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United States v. Moruzin


October 1, 2007


The opinion of the court was delivered by: Hon. Jerome B. Simandle


SIMANDLE, District Judge

The main issue before the Court is whether the Government may present the testimony of its principal medical witness by live two-way video-conference at a hearing to determine whether the Bureau of Prisons may involuntarily administer antipsychotic medication to attempt to restore the defendant's mental competence to stand trial, or whether such a procedure would violate the defendant's right to cross-examination of witnesses who appear against him.

In its October 19, 2006 Opinion, the Court determined that the defendant, Wayne Moruzin, was suffering from a mental disease or defect that rendered him incompetent to stand trial [Docket Item 91]. United States v. Moruzin, Cr. No. 05-306(JBS), 2006 WL 3000182 (D.N.J. Oct. 19, 2006). On July 9, 2007, the Government filed a motion requesting permission under Sell v. United States, 539 U.S. 166 (2003), to involuntarily medicate Mr. Moruzin in order to render him competent to stand trial [Docket Item 112]. In Sell, the Supreme Court determined that, in limited circumstances, the Constitution permits the Government to administer antipsychotic drugs involuntarily to a mentally ill criminal defendant in order to render the defendant competent to stand trial for serious crimes. Id. at 169. To do so, the government has the burden of proving that the proposed treatment is medically appropriate, is substantially unlikely to have side effects that may undermine the trial's fairness, and, taking account of less intrusive alternatives, is necessary significantly to further important governmental trial-related interests. Id. at 179.

Presently before the Court is the Government's motion to permit its psychiatric witness, Dr. Robert Lucking, to testify via video-conference from his North Carolina office at the defendant's Sell hearing [Docket Item 124]. The defendant opposes the Government's motion on the ground that testimony via video-conference would impinge on his constitutional right to confront witnesses against him [Docket Item 125]. For the reasons discussed herein, the Court will permit Dr. Lucking to testify via video-conference at the Sell hearing under procedures protecting Defendant's confrontation right, and thus will grant the Government's motion.


Moruzin was charged with bank robbery on January 5, 2005. Pursuant to the defendant's application to waive his right to counsel and assert his right to represent himself, the Court conducted a hearing and, on October 18, 2005, issued an Order permitting Moruzin to represent himself [Docket Item 40]. Meanwhile, a superseding indictment in October, 2005, added a charge of obstruction of justice by attempted jury tampering. However, once Moruzin began to exhibit unusual behavior, the Court, pursuant to 18 U.S.C. § 4241(a), ordered an evaluation of whether Mr. Moruzin was mentally competent to stand trial. Moruzin was transferred to the Federal Medical Center in Lexington, Kentucky ("FMC Lexington") for this mental health evaluation.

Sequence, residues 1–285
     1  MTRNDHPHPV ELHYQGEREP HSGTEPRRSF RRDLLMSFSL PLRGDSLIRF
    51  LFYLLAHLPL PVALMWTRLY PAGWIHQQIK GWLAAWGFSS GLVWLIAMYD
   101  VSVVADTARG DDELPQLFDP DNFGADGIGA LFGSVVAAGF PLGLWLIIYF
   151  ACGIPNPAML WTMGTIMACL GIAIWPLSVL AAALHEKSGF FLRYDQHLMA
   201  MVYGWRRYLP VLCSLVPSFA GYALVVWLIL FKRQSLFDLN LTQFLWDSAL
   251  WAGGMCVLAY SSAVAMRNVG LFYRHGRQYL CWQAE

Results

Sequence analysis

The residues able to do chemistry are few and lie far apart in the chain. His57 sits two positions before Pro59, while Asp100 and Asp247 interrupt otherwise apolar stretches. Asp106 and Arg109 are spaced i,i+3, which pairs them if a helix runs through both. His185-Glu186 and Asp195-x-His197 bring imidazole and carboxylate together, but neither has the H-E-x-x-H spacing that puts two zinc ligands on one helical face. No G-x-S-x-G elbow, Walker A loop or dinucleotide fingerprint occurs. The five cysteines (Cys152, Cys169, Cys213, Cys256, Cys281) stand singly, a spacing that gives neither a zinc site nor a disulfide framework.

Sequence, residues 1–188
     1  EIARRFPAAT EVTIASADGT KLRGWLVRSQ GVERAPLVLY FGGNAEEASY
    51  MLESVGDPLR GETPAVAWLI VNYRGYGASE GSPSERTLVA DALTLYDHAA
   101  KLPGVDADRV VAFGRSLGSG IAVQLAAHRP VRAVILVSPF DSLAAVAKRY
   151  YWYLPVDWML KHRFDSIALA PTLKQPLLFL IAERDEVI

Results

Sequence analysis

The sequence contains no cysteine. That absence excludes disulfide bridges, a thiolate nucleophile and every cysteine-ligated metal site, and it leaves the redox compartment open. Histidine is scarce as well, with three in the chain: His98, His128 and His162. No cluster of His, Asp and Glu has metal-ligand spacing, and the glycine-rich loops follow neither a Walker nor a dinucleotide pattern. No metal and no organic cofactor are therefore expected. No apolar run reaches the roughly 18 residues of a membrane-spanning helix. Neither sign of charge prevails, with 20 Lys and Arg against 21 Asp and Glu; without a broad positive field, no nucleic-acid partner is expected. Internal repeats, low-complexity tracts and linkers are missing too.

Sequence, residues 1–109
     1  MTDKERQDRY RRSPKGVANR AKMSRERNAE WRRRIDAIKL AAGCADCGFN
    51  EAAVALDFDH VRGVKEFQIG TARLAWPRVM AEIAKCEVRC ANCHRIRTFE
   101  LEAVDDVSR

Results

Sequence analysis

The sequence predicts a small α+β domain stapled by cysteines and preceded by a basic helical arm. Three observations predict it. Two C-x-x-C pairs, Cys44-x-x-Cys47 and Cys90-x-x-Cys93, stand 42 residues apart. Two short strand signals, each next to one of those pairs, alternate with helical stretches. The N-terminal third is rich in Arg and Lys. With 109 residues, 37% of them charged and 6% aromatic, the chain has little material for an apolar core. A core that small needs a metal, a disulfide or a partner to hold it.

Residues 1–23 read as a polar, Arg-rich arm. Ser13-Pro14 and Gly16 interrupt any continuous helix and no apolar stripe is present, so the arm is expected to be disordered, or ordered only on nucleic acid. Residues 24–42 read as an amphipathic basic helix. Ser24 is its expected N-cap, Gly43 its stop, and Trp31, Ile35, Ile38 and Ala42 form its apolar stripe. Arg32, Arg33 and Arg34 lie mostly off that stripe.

On October 5, 2006, the Court conducted a hearing on the issue of the defendant's mental competence at which the Federal Bureau of Prisons' Forensic Psychologist, Judith Campbell, Ph.D., testified. Based upon Dr. Campbell's testimony, the defendant's mental health diagnosis, and the defendant's behavior and demeanor, the Court determined that Mr. Moruzin was suffering from a mental disease or defect that rendered him mentally incompetent to stand trial, pursuant to 18 U.S.C. § 4241(d) [Docket Item 91].

In its Order dated October 19, 2006, the Court ordered that the defendant be committed to the custody of the Attorney General for hospitalization and treatment and directed the treatment facility to conduct a study regarding the likelihood of whether the defendant would regain his mental competence so as to permit the trial to proceed [Docket Item 92]. The resulting competency restoration study, conducted under Dr. Lucking's supervision at the Federal Medical Center in Butner, North Carolina ("FMC Butner"), produced a detailed forensic evaluation (the "FMC Butner Report"), dated March 13, 2007, finding continued incompetence and recommending that the involuntary administration of antipsychotic medication be prescribed, to be followed by a period for restoration of competence under 18 U.S.C. § 4241(d).

On July 9, 2007, the Government moved for the involuntary medication of Moruzin under Sell v. United States in order to restore his competency to stand trial*fn1 because Moruzin had refused to be treated voluntarily with psychotropic medication [Docket Item 112]. At the Sell hearing, the Government intends to present the testimony of psychiatrist Dr. Robert Lucking, who examined and treated the defendant at FMC Butner and who supervised the production of the FMC Butner Report on Moruzin's mental competency. On August 24, 2007, the Government moved that the Court permit Dr. Lucking to testify at the Sell hearing from FMC Butner via video-conference on account of a severe health condition that prevents Dr. Lucking from traveling and inhibits his capacity to testify comfortably in court [Docket Item 124]. On September 5, 2007, the defendant submitted his motion in opposition to the Government's request for testimony by video-conference on the ground that it would violate his constitutional right to confront the witnesses against him [Docket Item 125].